From Cell Biology to Tissue Engineering



Quantitative phase microscopy for evaluation of intestinal inflammation and wound healing utilizing label-free biophysical markers

Dominik Bettenworth1*, Arne Bokemeyer1*, Christopher Poremba2, Nik Sheng Ding3, Steffi Ketelhut4, Philipp Lenz1,5# and Björn Kemper4#

1Department of Medicine B, University Hospital Muenster, Muenster, 2Department of Pathology, Pathology Munich-North, Munich, Germany, 3Department of Medicine, University of Melbourne, Melbourne, Vic, Australia, 4Biomedical Technology Center, University of Muenster and 5Institute of Palliative Care, University Hospital Muenster, Muenster, Germany
*: these authors contributed equally and share first authorship
#: these authors contributed equally and share last authorship

Offprint requests to: Dr. Björn Kemper, PhD, Biomedical Technology Center, University of Muenster, Mendelstraße 17, D-48149 Muenster, Germany. e-mail: bkemper@uni-muenster.de

Summary. Inflammatory bowel diseases (IBD) are inflammatory disorders of the gastrointestinal tract characterized by a chronic relapsing disease course. As uncontrolled intestinal inflammation can result in severe disease complications, recent treatment targets of IBD evolved toward seeking the absence of mucosal and histological inflammation. However, this approach requires adequate histological evaluation of IBD disease activity. The diagnostic challenge of histological examination of intestinal inflammation is documented by the multitude of proposed histological scoring systems. In this context, we review quantitative phase imaging (QPI) techniques such as digital holographic microscopy (DHM) for characterizing intestinal inflammation. DHM determines optical path-length delays in a stain-free manner, thereby providing the tissue refractive index as a biophysical marker that directly correlates to tissue density. Recently, DHM has been successfully applied in cell biology, cancer cell research and infectious-induced cellular alterations. We summarized the capabilities of DHM and related QPI techniques to assess the severity of intestinal inflammation in experimental colitis as well as in colonic samples from human IBD patients. Moreover, we illustrate major advantages of DHM facilitated multimodal evaluation of epithelial wound healing processes as assessed by physical parameters like cell volume, density, thickness and dry mass in vitro. Furthermore, potential limitations of DHM and future utilities of QPI are discussed. In conclusion, DHM represents a promising, easy-to-use quantitative tool to provide accurate and objective assessment of intestinal inflammation and may pave the way towards automated label-free digital pathology and related in vitro cell culture analysis in future. Histol Histopathol 33, 417-432 (2018)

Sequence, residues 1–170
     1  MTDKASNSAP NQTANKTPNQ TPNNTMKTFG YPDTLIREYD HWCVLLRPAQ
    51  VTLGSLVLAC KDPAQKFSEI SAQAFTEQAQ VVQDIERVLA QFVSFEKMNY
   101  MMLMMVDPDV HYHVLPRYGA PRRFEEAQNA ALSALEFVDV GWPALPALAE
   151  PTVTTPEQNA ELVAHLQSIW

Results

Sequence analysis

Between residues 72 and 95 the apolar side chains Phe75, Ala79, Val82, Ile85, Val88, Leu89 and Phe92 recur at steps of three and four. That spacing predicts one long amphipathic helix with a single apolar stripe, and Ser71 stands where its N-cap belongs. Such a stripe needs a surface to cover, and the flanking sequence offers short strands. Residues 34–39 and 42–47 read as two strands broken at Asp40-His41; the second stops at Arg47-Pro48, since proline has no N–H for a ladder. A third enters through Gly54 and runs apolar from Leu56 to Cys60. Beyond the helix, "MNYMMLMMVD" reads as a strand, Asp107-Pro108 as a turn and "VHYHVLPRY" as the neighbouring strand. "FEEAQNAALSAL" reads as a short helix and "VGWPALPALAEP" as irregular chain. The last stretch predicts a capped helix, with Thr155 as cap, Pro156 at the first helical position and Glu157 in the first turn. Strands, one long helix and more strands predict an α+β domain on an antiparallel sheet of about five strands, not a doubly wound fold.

Key words: Inflammatory bowel disease, Histological healing, Digital holographic microscopy, Quanitative phase microscopy

DOI: 10.14670/HH-11-937